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September 21, 2006
Library of Congress Announces Fall 2006 Literary Season
The Library of Congress fall literary season, which will open on Oct. 3 with a reading by Poet Laureate Consultant in Poetry Donald Hall, will include additional poetry readings on Oct. 12 and 26, Nov. 9 and Dec. 7 by poets Galway Kinnell, David Tucker, Jack Gilbert, Miranda Field, Maxine Kumin, Wesley McNair, Henri Cole, Liam Rector and Judith Harris.
All readings will be held at 6:45 p.m. in the Montpelier Room on the sixth floor of the James Madison Building, 101 Independence Ave. S.E., Washington, D.C. The events are free and open to the public; tickets and reservations are not required.
Hall, who was appointed to the laureateship by Librarian of Congress James H. Billington in June, is the author of 15 books of poetry, the latest is “White Apples and the Taste of Stone” (Houghton Mifflin), a selection of poems from 1946 to 2006.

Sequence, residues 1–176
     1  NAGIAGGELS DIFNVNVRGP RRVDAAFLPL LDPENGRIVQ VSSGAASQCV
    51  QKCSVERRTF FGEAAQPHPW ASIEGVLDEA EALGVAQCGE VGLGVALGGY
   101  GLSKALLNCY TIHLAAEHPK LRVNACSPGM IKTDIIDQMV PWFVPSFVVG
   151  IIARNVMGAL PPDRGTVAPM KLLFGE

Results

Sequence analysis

On Thursday, Oct. 12, poets Galway Kinnell and David Tucker will read.
Kinnell is the Erich Maria Remarque Professor of Creative Writing at New York University. His forthcoming book of poetry, “Strong is Your Hold,” is due in November. His “Selected Poems” (Houghton Mifflin) won the Pulitzer Prize and the National Book Award in 1982. Another poetry volume “A New Selected Poems” (Houghton Mifflin, 2000) was a finalist for the National Book Award. It is to include “When the Towers Fell,” a poem about lives lost in the World Trade Center on Sept. 11, 2001. Kinnell is a former MacArthur fellow and was the Vermont state poet from 1989 to 1993.
Journalist and poet Tucker studied poetry with Donald Hall and Robert Hayden and is a graduate of the University of Michigan. In 2005, Tucker’s first volume of poetry, “Late for Work,” won a Bakeless Literary Prize from Middlebury College Bread Loaf Writers’ Conference. According to the publisher, Houghton Mifflin, “‘Late for Work’ follows reporters jostling for headlines, evoking the gritty glamour of the newsroom in wry, poignant poems.” Tucker has worked for 28 years at leading newspapers and is a member of the New Jersey Star-Ledger team that won the 2005 Pulitzer Prize for breaking news.
On Thursday, Oct. 26, Jack Gilbert and Miranda Field will read.